(MENAFN - Khaleej Times) As Syria's yearlong conflict has heightened tensions in neighbouring Lebanon between groups loyal or hostile to the Syrian regime, discord and factional infighting in Lebanon's Palestinian refugee camps have added to the country's instability.
The country's camps are becoming "more and more of a battlefield" between those who are for or against the Assad regime in Syria, said Sari Hanafi, a professor at the American University of Beirut. Lebanon has 12 official Palestinian camps, housing roughly half of the country's total Palestinian population, estimated to be between 260,000 and 400,000. Life in the camps is mostly marked by poverty, overcrowding, marginalisation and limited opportunities for employment, education or a better future.
During Syria's occupation of parts of Lebanon between 1976 and 2005, Damascus fostered relationships with several Palestinian groups. Links have since weakened but loyalties still linger. "In terms of issues around Syria, there are lots of different sparks in Lebanon," said Cale Salih, an analyst for the International Crisis Group. "The Palestinian camps are one of them, and they're one of the more dangerous ones because you don't really have a state presence in the camps."
Ain al-Helweh, the largest of the camps, located on the outskirts of the southern city of Sidon, has a particularly unsavory reputation as a lawless and violent safe haven for extremist factions and people on the run from the government.
In Ain al-Helweh, dire living conditions are worsened by a history of factional quarrels. Assassinations, explosions and gun battles are familiar occurrences for the 70,000 residents. Lebanese security forces maintain a heavy presence at entry points to the camp but do not venture in.
The absence of a single dominant faction, the inability of groups to unite to confront common threats and effective recruitment campaigns by extremist Islamist groups have allowed radical jihadist organisations such as Usbat Al-Ansar, Jund A-Sham and the Abdullah Azzam Brigades to take root.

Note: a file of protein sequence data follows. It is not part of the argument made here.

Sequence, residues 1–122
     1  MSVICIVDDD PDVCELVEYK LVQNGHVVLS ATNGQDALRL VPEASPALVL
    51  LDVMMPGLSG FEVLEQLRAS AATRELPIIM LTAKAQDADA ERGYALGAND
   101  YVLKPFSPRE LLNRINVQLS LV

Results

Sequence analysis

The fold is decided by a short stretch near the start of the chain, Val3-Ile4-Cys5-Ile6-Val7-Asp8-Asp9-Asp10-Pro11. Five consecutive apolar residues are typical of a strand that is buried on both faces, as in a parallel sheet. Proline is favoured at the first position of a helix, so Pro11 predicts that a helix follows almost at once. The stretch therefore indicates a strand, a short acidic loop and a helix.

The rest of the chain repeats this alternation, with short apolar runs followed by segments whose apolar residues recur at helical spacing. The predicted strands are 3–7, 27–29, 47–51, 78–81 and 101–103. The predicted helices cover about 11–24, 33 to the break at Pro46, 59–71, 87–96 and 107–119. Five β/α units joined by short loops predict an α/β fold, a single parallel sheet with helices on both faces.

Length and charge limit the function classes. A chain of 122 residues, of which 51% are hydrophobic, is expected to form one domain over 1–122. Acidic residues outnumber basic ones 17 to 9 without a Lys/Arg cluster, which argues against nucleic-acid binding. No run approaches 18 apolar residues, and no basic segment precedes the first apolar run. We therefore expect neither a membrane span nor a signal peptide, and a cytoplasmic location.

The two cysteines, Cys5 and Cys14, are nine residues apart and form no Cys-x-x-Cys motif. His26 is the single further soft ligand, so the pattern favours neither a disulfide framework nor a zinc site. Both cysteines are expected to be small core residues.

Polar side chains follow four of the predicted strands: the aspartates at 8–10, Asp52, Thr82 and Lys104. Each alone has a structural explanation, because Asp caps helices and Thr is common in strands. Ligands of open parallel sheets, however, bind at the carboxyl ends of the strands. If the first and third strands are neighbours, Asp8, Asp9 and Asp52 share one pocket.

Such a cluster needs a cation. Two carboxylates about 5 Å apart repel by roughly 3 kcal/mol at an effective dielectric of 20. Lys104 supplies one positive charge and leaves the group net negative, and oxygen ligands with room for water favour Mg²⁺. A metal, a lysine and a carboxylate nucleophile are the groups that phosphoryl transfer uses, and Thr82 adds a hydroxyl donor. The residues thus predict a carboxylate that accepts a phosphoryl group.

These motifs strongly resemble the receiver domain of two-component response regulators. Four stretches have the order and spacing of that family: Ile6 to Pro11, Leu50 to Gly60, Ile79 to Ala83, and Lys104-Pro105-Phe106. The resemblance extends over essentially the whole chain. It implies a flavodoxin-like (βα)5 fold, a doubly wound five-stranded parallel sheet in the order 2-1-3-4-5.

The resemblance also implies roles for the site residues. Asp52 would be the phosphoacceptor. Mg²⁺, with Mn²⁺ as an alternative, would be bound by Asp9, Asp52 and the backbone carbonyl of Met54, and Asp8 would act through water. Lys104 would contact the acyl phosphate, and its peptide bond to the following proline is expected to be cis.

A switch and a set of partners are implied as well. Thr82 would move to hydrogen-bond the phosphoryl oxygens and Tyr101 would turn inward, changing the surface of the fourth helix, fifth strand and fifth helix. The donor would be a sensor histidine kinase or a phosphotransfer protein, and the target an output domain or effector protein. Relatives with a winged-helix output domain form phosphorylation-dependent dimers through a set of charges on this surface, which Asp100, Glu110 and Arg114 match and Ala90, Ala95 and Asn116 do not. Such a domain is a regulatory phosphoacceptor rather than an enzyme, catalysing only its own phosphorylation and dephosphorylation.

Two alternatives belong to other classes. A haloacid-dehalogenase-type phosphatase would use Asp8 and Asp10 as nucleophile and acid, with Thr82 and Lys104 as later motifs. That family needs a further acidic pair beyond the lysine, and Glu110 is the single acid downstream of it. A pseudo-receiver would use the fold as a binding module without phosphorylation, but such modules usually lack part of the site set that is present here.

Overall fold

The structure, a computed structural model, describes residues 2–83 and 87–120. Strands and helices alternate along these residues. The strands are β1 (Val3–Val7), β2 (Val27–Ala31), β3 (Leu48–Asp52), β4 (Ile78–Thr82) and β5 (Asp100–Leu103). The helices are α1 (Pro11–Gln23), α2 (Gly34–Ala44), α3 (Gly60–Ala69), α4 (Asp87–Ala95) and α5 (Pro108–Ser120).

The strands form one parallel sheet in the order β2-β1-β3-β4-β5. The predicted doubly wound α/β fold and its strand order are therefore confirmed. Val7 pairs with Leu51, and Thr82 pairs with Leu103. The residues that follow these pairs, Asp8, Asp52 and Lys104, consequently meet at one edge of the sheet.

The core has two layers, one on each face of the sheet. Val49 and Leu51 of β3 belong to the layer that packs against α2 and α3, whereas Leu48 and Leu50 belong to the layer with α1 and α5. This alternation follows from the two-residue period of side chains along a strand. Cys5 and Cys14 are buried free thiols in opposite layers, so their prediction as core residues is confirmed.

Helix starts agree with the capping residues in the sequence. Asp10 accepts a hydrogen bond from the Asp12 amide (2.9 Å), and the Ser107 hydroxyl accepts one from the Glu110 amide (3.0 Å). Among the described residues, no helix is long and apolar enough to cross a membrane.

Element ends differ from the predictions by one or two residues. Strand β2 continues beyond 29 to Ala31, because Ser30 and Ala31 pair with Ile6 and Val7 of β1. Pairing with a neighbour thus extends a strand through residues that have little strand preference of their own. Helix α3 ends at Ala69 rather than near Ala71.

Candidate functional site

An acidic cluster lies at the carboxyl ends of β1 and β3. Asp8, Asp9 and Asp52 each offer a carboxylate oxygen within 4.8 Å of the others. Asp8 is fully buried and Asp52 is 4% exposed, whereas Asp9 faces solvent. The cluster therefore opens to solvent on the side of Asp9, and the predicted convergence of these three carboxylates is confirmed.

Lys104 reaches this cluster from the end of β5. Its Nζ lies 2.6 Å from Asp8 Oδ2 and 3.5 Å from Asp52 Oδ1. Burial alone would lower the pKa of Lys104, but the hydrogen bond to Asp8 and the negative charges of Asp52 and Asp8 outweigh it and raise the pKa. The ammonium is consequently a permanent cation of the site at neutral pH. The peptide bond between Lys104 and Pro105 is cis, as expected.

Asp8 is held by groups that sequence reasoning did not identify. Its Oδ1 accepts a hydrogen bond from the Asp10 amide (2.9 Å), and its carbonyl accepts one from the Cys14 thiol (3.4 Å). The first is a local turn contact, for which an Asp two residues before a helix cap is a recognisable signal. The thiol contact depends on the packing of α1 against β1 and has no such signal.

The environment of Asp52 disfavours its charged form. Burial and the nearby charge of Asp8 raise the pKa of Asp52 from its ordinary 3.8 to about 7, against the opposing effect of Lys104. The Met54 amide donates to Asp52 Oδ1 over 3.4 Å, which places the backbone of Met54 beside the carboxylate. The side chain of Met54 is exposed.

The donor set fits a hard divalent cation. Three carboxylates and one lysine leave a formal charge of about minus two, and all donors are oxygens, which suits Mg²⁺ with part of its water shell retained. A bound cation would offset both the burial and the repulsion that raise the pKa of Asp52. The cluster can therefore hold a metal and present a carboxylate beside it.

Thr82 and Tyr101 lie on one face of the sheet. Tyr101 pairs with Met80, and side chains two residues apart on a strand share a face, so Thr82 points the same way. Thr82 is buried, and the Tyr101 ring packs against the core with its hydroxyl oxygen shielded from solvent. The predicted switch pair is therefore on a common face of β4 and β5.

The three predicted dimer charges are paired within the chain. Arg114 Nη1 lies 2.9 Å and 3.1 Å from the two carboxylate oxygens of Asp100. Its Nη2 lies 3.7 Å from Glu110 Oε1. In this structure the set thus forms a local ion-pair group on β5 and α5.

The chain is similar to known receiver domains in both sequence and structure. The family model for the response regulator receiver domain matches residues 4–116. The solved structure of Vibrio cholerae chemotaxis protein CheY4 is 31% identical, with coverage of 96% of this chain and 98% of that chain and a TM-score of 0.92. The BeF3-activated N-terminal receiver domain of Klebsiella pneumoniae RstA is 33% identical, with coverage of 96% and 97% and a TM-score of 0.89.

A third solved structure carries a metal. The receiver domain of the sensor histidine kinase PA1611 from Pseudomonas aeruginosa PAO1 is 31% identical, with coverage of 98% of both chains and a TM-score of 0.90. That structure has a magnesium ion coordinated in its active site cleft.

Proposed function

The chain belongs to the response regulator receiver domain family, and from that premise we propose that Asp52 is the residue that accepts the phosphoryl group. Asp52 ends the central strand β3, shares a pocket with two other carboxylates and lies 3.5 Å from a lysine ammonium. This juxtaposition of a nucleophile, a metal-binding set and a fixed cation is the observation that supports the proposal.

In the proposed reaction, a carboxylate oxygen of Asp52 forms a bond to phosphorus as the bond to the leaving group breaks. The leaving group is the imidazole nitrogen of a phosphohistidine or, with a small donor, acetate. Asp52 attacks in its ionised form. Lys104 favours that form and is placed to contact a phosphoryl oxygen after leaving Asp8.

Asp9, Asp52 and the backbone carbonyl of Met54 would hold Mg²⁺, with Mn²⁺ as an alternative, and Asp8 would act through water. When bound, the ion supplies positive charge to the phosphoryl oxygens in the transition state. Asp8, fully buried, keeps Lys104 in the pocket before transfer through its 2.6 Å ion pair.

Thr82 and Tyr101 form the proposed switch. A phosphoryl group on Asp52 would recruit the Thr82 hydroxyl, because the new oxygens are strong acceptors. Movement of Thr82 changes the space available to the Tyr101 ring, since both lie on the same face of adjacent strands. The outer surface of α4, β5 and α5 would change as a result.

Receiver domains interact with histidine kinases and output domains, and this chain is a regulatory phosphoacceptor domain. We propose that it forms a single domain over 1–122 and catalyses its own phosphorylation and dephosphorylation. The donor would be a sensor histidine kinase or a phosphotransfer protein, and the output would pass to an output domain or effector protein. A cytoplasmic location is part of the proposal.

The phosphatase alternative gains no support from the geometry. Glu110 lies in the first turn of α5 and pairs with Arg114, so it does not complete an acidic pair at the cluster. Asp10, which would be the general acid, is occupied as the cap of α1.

The camp's potential to disrupt a fragile Lebanese peace came into focus last month when the government said it had uncovered and arrested a cell within the army with ties to the Abdullah Azzam Brigades, an international jihadist network affiliated with Al Qaeda.
After the discovery last month of the militant cell in the army, some politicians called for Lebanese security forces to disarm the Palestinian factions in the camps. Samir Geagea, leader of the Lebanese Forces, one of Lebanon's main Christian parties, demanded action, even if it meant a replay of Nahr Al-Bared. Despite calls for the Lebanese authorities to intervene in Ain Al-Helweh, analysts said any such action is unlikely: With the military stretched by the need to contain Syria-related tensions, it would be hard-pressed to take on the additional challenge of the camp.
In 2007, a few hundred militants in Nahr Al-Bared, outnumbered and out-gunned, were able to hold out for months and inflict heavy casualties on the Lebanese military. In Ain Al-Helweh, a much larger camp with many more potential combatants, a similar conflict would most likely be a far more difficult fight.
Palestinian factions, operating in de facto autonomy inside the camps, want Lebanese security forces to stay out " both to maintain their free rein and to avert another Nahr Al-Bared. In troubled Ain Al-Helweh it remains to be seen if factions willing to act can peacefully apprehend those wanted by the Lebanese state without provoking a conflict in the camp. But in other camps, the will is clearly there.